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Thread: Rétiré, anyone?

  1. #16
    It seems to me more an issue of not paying attention to technique and presentation
    I have to say I disagree. How can you say they aren't paying attention to technique? They may not be using BALLET technique, but that doesn't mean that its not correct figure skating technique. If they were dancers you could say they weren't paying attention to technique, but once again, they are not dancers they are skaters. They do not have to adhere to dance technique.

  2. #17
    Custom Title Joesitz's Avatar
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    I think it means "to withdraw" literally in French. In ballet, if you can visualize a fifth position, one would lift the front foot to the knee of the other foot without changing its position and then dropping to the back of the other foot keeping the finished position in fifth. Tough to do with blades.

    Joe

  3. #18
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    Originally posted by Matt
    ... there are skaters who do hold their foot in a rétiré position in their upright spins.
    This type of one spin is generally done by advanced skaters only as an ending to a spin in another position, such as a layback, camel, etc. This gives a finished look to the spin rather than just exiting immediately from the spin; it also requires less time in a program and less energy than completing a spin with an upright scratch spin. The one foot spin skaters typically include in a program is a scratch spin which requires greater speed and a different balance point (it's closer to the toe on the ball of the foot) this position and balance are more easily attained by crossing the feet over at the ankles. The goal of a scratch spin is to acheive a very "cylindrical" body position to decrease the moment of inertia and thus increase the angular velocity. Having the knee of the free leg sticking out in front of the skater increases the moment of inertia and decreases the velocity of the spin. The free leg and knees affect the velocity of a spin just like the arms do.

    The one foot upright spin with the free foot at the knee is the first spin taught to beginning skaters after they have learned the two foot spin because it is a very stable position. While the position Matt is referring to in dance might be very advanced when done properly in ballet or jazz; it is a very basic spin position in figure skating. Skaters use it as a "stepping stone" to more advanced positions and faster spins.

    Originally posted by Matt
    Frankly, if a skater can fight centripetal force, grab their blade, yank it above their head, and spin at least six revolutions in a Biellmann spin,...
    I just thought I'd point out that very few skaters can actually do a Biellmann spin. Even then, I think it probably has less to do with the ability to fight centripetal force and more to do with the flexibility of the skater's back.

    2loop

  4. #19
    Custom Title Joesitz's Avatar
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    When you get into Bielman spins you are really liking it to something in the Cirque du Soleil. It is an acrobatic trick now used in figure skating. Figure Skating is not an Original dance form. It borrows from everywhere.

    Joe

  5. #20
    http://p068.ezboard.com/bstrawberrycanyonfsc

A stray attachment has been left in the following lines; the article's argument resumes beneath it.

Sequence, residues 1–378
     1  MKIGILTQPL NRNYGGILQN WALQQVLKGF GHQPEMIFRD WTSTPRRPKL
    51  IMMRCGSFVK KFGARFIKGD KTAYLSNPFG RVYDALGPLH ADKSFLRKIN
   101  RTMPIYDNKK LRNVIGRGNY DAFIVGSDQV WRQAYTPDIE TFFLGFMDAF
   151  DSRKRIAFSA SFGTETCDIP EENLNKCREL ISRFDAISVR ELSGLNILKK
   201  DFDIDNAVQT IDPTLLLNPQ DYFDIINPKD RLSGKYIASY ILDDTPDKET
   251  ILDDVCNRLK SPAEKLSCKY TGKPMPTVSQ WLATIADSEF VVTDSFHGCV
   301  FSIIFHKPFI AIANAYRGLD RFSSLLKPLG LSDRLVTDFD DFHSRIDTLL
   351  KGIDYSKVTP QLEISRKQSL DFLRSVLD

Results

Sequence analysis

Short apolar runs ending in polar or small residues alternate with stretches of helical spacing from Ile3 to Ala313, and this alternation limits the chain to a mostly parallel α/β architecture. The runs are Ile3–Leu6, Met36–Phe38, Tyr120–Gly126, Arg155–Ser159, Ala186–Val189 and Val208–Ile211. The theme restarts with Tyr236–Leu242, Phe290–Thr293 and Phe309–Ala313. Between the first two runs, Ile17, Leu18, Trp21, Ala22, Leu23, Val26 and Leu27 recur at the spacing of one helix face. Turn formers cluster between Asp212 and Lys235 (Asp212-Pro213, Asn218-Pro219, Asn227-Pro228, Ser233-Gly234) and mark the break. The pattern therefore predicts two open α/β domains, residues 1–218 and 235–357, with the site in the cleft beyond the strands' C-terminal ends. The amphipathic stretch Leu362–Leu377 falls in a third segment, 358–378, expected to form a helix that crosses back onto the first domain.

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    retire

    totally off topic, but i think retire is a midwest term. It means the same as passe, but my teachers here in california always called it passe...

  6. #21
    Always Believed! Sk8n Mama's Avatar
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    that is a beginner position for a one-foot spin
    There is no classic skating spin with the free leg in a retire position. However, the first one-foot spin learned by skaters has the free leg bent, hip turned in, and instep of the free foot aginst the knee area-as well described above. One thing to consider in comparing a balletic pirouette against a skaters spin-a ballerina goes around once, twice or three, times while a skater goes around many more; think 'physics' on this one. I think many skaters out there have a 'balletic style". Have a look at Emmanuel Sandhu's positions, as this young man spent many years training in ballet and eventually gave it up for skating. If memory serves, he was a member of the Royal Ballet of Canada's Academy. As it has been said, though, skating is not ballet. Skaters take dance training to be more graceful, not to do 'ballet on ice'.

    Oh, as for Ilia Kulik in Center Stage: That was just on this weekend. I think he'd best stick to skating.
    Last edited by Sk8n Mama; 02-11-2004 at 01:16 PM.

  7. #22
    ~ Figure Skating Is My Passion ~ Ladskater's Avatar
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    Matt:

    Figure Skating and ballet have much in common and yet, are worlds apart.

    A one foot spin in figure skating is done with the leg being drawn in towards the knee and then it crosses in front and the leg is slowly pushed down again towards the ice.

    The reason the leg is drawn in slowly is to gain speed.

    The figure skater is not attempting to strike a ballet pose. It is a pure figure skating move.

    The reason skaters take ballet is to improve their posture and gain better poise. It also helps with their flexibility and stretching.

    Some skaters do learn to blend some of their arm movements from ballet training with their skating. This always looks nice.

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